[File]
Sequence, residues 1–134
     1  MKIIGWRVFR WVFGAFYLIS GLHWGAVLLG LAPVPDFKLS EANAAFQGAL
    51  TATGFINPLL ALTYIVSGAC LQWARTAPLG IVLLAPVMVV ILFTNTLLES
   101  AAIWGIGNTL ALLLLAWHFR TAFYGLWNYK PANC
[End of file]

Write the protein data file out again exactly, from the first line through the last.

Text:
Sequence, residues 1–134
     1  MKIIGWRVFR WVFGAFYLIS GLHWGAVLLG LAPVPDFKLS EANAAFQGAL
    51  TATGFINPLL ALTYIVSGAC LQWARTAPLG IVLLAPVMVV ILFTNTLLES
   101  AAIWGIGNTL ALLLLAWHFR TAFYGLWNYK PANC